We will need to use the DBMS_DATA_MINING.CREATE_MODEL procedure. In our example we will want to create a Decision Tree based on our sample data, which contains the previously generated cases and the new cases since the last model rebuild.
model_name => ‘Decision_Tree_Method2′,
mining_function => dbms_data_mining.classification,
data_table_name => ‘mining_data_build_v’,
case_id_column_name => ‘cust_id’,
target_column_name => ‘affinity_card’,
settings_table_name => ‘decision_tree_model_settings’);
Rename your ODM model to production name
The model we have create created above is not the name that is used in our production software. So we will need to rename it to our production name.
But we need to be careful about when we do this. If you drop a model or rename a model when it is being used then you can end up with indeterminate results.
What I suggest you do, is to pick a time of the day when your production software is not doing any data mining. You should drop the existing mode (or rename it) and the to rename the new model to the production model name.
On Friday 16th December, Charlie Berger (Sr. Director, Product Management, Data Mining & Advanced Analytics) posted the following on the Oracle Data Mining forum on OTN.
“… soon you’ll be able to use the new Oracle R Enterprise (ORE) functionality. ORE is currently in beta and is targeted to go General Availability in the near future. ORE brings additional functionality to the ODM Option, which will then be renamed to the Oracle Advanced Analytics Option to reflect the significant adv. analytical functionality enhancements. ORE will allow R users to write R scripts and run them inside the database and eliminate and/or minimize data movement in/out of the DB. ORE will provide R to SQL transparency for SQL push-down to in-DB SQL and and expanding library of Oracle in-DB statistical functions. Packages that cannot be pushed down will be run in embedded R mode while the DB manages all data flows to the multiple R engines running inside the DB.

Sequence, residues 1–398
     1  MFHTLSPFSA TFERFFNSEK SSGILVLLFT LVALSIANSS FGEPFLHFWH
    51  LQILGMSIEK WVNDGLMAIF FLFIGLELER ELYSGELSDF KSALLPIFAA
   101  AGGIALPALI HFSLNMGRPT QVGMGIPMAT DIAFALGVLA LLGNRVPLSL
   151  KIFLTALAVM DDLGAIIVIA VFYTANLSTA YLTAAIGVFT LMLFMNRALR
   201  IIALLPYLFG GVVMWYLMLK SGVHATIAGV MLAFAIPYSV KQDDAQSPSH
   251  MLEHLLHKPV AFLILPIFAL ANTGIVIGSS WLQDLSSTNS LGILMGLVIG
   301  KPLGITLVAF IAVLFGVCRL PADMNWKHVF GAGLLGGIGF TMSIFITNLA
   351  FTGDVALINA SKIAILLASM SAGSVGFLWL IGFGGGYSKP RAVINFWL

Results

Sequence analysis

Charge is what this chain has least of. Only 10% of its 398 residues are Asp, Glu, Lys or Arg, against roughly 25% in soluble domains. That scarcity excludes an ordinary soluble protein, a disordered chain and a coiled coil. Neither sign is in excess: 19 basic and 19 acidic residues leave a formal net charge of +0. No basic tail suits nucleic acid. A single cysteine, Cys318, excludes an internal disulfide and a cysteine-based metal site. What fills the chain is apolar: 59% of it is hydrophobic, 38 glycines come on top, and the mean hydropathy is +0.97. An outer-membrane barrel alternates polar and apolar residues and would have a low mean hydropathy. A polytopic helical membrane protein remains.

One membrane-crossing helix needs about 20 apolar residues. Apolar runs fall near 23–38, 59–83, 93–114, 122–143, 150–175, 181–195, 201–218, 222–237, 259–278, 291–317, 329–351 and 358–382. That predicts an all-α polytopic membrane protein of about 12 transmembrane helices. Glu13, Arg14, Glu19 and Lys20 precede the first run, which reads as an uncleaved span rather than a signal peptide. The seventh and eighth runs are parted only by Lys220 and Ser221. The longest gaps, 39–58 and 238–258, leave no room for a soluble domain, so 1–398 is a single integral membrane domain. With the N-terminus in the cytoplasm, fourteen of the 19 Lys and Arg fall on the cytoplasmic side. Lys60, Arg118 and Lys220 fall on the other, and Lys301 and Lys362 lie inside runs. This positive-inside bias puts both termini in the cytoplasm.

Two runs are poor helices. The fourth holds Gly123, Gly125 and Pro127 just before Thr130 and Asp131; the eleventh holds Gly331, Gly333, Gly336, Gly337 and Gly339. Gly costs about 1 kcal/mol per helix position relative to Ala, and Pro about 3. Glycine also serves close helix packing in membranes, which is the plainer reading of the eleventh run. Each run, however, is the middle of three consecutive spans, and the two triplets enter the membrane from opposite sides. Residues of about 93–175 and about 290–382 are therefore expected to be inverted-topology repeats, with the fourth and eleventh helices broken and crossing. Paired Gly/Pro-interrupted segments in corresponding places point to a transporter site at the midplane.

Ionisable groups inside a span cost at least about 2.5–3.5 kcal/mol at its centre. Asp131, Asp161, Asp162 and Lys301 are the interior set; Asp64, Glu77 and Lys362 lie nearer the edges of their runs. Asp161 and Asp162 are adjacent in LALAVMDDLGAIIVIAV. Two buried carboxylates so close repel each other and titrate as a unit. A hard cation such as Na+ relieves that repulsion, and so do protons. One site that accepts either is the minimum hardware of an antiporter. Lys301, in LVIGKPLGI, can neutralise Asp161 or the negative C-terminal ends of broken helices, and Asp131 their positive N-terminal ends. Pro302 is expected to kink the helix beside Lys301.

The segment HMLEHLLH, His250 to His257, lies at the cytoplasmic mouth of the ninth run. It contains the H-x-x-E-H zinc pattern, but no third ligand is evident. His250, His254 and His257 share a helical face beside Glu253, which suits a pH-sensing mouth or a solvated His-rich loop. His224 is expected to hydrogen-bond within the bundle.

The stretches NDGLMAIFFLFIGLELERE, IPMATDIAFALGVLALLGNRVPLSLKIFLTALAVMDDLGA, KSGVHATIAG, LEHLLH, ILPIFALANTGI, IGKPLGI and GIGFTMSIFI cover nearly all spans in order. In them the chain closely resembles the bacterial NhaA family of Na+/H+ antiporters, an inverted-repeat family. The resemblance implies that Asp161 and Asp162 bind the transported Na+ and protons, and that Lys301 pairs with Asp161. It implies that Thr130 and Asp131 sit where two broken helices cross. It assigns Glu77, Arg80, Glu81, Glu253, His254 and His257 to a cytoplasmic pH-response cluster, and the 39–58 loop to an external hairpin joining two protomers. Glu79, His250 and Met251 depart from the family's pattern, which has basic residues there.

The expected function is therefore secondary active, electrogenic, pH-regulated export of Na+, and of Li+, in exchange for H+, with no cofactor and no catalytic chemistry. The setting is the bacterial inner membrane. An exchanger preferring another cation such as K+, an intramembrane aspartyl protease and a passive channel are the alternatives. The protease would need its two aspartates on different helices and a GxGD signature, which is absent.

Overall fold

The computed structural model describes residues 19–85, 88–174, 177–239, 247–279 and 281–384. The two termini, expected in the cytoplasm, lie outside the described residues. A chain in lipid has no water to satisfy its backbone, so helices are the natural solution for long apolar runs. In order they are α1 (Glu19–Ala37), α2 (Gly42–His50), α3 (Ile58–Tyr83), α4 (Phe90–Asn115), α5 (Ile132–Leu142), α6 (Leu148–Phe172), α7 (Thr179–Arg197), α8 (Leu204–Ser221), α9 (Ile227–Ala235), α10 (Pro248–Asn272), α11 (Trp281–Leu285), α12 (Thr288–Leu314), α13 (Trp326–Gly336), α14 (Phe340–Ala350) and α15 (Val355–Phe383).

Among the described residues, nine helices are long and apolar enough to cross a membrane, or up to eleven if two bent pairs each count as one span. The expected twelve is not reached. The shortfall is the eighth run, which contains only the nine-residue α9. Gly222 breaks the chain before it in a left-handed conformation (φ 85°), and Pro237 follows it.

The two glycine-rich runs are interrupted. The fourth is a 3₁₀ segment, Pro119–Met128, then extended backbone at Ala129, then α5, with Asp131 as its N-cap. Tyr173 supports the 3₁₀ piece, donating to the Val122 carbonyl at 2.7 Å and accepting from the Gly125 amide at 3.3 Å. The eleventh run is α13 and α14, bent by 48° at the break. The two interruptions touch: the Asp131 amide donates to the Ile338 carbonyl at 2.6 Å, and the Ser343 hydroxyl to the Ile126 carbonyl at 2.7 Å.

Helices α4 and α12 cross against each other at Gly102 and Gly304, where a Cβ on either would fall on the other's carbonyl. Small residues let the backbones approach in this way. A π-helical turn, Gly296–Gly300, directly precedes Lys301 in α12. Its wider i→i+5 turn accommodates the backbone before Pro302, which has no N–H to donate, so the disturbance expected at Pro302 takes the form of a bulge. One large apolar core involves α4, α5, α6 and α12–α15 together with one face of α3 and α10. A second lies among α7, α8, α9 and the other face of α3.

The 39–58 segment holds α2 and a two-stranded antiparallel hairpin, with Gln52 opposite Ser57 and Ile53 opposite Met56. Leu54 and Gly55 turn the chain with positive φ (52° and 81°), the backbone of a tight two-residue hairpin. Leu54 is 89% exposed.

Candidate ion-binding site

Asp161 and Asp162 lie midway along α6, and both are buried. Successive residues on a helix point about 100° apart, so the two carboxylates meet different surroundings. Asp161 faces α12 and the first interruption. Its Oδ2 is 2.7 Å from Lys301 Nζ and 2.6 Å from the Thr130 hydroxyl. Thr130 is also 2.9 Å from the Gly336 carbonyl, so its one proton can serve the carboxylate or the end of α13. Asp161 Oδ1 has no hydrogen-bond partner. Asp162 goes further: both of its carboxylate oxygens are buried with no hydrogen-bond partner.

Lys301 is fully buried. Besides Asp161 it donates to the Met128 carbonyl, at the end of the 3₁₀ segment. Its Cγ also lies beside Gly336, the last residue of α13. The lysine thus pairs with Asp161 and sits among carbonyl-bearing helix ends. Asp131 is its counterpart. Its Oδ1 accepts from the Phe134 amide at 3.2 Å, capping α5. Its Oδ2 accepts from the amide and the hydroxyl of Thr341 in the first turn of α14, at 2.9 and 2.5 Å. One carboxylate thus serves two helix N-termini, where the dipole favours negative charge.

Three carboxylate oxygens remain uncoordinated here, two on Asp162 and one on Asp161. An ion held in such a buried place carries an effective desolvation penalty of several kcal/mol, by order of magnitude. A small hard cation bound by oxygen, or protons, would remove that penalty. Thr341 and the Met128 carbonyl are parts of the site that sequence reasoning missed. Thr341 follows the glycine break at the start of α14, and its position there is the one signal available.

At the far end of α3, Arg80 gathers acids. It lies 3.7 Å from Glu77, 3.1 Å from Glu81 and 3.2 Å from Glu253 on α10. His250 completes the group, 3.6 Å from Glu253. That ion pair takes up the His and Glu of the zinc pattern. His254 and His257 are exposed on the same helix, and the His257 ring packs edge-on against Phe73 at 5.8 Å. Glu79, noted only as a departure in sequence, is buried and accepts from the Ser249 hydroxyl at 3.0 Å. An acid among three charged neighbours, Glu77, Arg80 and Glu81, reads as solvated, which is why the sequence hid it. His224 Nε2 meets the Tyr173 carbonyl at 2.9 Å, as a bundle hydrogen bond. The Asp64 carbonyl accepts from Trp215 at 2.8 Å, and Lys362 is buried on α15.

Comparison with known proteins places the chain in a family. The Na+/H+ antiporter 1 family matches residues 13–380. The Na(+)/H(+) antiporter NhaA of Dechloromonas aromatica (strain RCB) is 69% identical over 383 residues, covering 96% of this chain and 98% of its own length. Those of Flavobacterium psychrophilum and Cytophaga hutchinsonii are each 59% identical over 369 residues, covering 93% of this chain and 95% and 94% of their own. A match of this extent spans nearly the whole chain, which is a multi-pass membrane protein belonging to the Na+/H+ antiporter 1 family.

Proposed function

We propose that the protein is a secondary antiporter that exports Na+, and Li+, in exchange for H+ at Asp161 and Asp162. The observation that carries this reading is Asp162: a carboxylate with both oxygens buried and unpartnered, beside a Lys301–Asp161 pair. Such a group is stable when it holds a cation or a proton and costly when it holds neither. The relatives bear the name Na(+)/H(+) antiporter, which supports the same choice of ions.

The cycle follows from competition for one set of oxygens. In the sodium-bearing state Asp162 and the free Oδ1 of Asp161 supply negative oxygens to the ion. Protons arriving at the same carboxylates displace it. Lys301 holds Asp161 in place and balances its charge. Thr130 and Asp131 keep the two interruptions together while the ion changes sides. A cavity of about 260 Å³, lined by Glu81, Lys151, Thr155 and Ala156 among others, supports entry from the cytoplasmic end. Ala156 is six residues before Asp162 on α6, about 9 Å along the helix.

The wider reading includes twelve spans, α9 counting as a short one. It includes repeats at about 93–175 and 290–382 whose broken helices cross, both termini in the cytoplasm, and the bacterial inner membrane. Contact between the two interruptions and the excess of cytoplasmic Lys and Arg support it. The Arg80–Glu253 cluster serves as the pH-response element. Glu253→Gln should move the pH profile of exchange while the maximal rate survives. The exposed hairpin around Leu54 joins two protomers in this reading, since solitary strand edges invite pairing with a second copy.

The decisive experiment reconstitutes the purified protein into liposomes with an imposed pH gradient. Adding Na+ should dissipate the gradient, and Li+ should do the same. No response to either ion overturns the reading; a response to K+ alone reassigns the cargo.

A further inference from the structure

In January, we’ll open up a new OTN discussion forum specifically for Oracle R Enterprise focused technical discussions. Stay tuned.”
I’m looking forward to getting my hands on the new Oracle R Enterprise, in 2012. In particular I’m keen to see what additional functionality will be added to the Oracle Data Mining option in the DB.
So watch out for the rebranding to Oracle Advanced Analytics
Charlie – Any chance of an advanced copy of ORE and related DB bits and bobs.
I’ve managed to get enough time over the past couple of days to finish some wood carvings that I started a couple of months ago.